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Japanese Tea Steeping Techniques

Boil water, make tea, drink

Tea. Sen no Rikyu (1522-1591), the seminal master of Chanoyu (the “Japanese tea ceremony”), famously said, “All you must know about Chanoyu is simply this: boil the water, make the tea, and drink.” (The more commonly used translation is “The Way of Tea is naught but this: first you boil water, then you make the tea and drink it.”)

Chanoyu to ha tada yu wo wakasi cha wo tatete nomu bakari naru koto to shiru beshi

Basic guidelines

The simplest guidelines for steeping (we use the term "brewing" to mean boiling tea in water to extract flavor) Japanese green tea are this: Take 5 grams of tea, steep it in 200 ml hot water (70C/160F degrees) for about one minute. This is often what we put on Yunomi labels (though not always), and a basic guideline

Tea: 5 grams. Time: 60 seconds.
Water temperature: 70C/160F degrees. Water amount: 200 ml.

When making Japanese green tea, you generally don't make a large pot of tea, but a small pot, just enough for one cup (200 ml) or two sencha cups (100 ml) for two people. When you finish drinking your cup, you steep a second and third time. Combining multiple steeps may average out the flavor, but is an easy way to make a large amount of tea from one single serving of leaves.

Temperature is important!

Remember that water at hotter temperature extracts more, but the bitter flavors (i.e. caffeine and catechin) overwhelm sweet/umami flavors (L-theanine)

Water at cooler temperature extracts sweet/umami flavors without extracting the bitter flavors (which is why cooler temperatures are often used for high grade sencha, kabusecha, and gyokuro teas).

Do you need a thermometer? It doesn't hurt to use one. But drinking daily, it's not always practical. Instead remember this rule of thumb, allowing water to heat up a ceramic container generally decreases its temperature by about 10C/18F degrees. So if you have boiling water, warming up your pot, then your cups cools it down to 80C degrees. You may also use a second pot (or cooling bowl)

Tea amount, water amount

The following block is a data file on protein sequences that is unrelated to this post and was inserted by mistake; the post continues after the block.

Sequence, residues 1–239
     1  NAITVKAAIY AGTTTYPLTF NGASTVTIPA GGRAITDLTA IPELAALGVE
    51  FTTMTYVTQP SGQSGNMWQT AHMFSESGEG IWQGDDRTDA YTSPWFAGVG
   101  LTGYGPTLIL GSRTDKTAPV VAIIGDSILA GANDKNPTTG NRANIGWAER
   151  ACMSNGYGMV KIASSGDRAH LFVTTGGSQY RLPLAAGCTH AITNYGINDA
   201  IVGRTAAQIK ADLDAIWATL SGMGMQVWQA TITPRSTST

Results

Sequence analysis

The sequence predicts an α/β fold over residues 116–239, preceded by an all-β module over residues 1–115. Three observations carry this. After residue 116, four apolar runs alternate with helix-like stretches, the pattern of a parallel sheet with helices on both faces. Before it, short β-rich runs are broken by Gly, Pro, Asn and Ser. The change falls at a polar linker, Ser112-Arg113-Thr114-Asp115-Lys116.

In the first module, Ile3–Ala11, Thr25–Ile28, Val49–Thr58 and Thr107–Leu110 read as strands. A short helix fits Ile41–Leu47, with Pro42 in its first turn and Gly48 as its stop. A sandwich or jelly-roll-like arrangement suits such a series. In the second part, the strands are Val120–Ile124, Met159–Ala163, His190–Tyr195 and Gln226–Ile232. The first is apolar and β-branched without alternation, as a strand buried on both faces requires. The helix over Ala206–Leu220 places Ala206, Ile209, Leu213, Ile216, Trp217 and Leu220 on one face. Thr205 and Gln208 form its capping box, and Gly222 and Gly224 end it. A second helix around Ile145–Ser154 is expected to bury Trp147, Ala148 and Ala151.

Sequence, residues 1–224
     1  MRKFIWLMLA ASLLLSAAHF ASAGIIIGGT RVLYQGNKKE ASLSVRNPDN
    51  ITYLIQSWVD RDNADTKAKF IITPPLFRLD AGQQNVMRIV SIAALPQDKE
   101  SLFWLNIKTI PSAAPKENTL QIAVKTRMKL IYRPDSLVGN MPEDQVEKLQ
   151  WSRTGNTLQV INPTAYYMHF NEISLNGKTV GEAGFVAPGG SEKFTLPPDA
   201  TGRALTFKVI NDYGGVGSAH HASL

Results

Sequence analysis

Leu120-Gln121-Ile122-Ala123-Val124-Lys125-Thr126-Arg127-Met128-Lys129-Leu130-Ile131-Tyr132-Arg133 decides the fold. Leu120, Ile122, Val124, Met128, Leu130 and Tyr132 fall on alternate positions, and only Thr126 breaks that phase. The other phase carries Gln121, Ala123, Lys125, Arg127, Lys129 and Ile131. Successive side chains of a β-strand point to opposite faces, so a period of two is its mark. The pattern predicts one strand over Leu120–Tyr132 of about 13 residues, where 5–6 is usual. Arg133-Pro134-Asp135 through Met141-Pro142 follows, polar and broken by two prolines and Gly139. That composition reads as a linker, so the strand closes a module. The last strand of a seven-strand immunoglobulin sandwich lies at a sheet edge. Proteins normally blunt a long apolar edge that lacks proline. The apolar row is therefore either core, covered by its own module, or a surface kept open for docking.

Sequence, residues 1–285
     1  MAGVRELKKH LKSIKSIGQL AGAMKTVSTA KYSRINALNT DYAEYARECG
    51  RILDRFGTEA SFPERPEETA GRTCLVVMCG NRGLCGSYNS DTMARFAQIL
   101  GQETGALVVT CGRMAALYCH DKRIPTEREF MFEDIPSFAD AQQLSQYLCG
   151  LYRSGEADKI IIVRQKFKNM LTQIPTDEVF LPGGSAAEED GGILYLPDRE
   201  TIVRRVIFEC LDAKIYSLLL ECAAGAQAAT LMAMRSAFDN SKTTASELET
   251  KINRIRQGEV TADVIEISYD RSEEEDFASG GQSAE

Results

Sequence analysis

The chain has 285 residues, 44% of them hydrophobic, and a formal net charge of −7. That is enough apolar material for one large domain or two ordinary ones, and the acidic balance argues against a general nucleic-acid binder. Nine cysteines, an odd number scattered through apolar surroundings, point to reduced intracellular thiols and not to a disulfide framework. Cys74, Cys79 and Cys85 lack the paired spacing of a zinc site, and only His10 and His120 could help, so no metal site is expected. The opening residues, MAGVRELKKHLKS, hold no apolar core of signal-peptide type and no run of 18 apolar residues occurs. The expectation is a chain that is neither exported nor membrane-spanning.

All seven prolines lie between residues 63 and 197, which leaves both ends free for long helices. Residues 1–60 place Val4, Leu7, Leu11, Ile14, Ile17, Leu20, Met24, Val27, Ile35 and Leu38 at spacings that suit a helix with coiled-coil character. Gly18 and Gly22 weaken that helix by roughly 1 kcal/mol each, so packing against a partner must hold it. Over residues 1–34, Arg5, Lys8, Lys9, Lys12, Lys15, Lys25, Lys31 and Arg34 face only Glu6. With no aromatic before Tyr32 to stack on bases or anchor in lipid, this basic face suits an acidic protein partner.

In addition to adjusting the temperature, increasing the amount of tea or decreasing the amount of water results in a more concentrated tea.


While most non-Japanese green teas often require 3-5 minutes steeping time, most Japanese green teas are made to be steeped in 1 minute or less. The finer (more powdery) the leaf itself is, the more likely that it will steep more quickly. A hotter temperature will also extract flavor more quickly. If you are looking for a lighter flavor, use less tea or steep for a much quicker amount of time.

Steeping at cooler temperatures will extract flavor from the tea leaf more slowly, and so a longer steeping time is recommended in such cases.

Techniques for one serving at a time

Note to make a larger amount, multiplying the parameters will work but you may need to adjust depending on the tea. You may also make a larger amount by combining several steeps into one serving. (i.e. Three 200 ml steeps for 600 ml.) 1 cup = about 240 ml. or 100 ml = about 0.4 cups / 3.4 fl oz. 

Remember, these techniques are guidelines meant to start you off. Depending on your own personal taste, the water type you have available, and of course the specific tea leaves, you should learn to adjust the water amount, temperature, tea leaf amount and steep time to achieve your perfect cup of tea.

Making tea for several guests at once? Follow these guidelines to impress!

Gyokuro, Kabusecha, Tencha


The characteristic of shaded green tea leaves -- gyokuro, kabusecha, tencha -- are their enhanced umami flavors. To enjoy those umami flavors to the fullest, your first steep can be made at a low temperature. Unshaded, but very high grade sencha may also be uniquely delicious at lower temperatures too. Feel free to experiment!

Tea: 5g. Time: 2-3 min. Water: 50C/122F, 60-80 ml (Water should just cover the leaves). Resteep 2nd time at 15 sec., 80C/176F, 200 ml. Resteep 3rd time at 45 sec., 80C/176F, 200 ml.

Premium Sencha


These teas also have more umami flavor, so steeping is generally recommended at low temperature helps you enjoy the sweet and umami components separately from the more bitter components which are extracted at higher temperatures. So we recommend starting with a low temperature first, and then increasing the temperature at subsequent steeps. But, if you would like to enjoy all the flavor components together, steep it at a higher temperature to start.

Tea: 5g. Time: 1-2 min. Water: 60C/140F, 100 ml. Resteep 2nd time at 15 sec., 80C/176F, 200 ml. Resteep 3rd time at 45 sec., 80C/176F, 200 ml.

Regular Sencha and other green teas


Tea: 5g. Time: 1 min. Water: 70C/158F, 200 ml. Resteep 2-3x at 80C/176F, 200 ml.

Fukamushicha, mecha, konacha


The small size of these leaves mean that they steep (flavor is extracted) very quickly.

Tea: 3g. Time: 30 sec. Water: 70C/158F, 200 ml. Resteep 2-3x at 80C/176F, 200 ml.

Tips: use less tea for a lighter flavor. Use hotter water for more bitterness (cooler for more sweetness), and use hotter water for a deeper green color.

Bancha, genmaicha, hojicha


These tend to be based on a lower grade leaf (bancha) which is larger, thicker, and extracts flavor less quickly. Hotter water and longer steeping times are used as a result. However, some genmaicha and some hojicha (roasted tea, generally roasted green tea) may be using high grade leaf which steeps faster.

Tea: 5g. Time: 30-60 sec. Water: 90C/194F, 200 ml. Resteep 3x.


More advanced steeping techniques

Steeping techniques for Green Teas (listed from cold to hot)

Steeping techniques for Matcha & Tisanes

Steeping techniques for Japanese black tea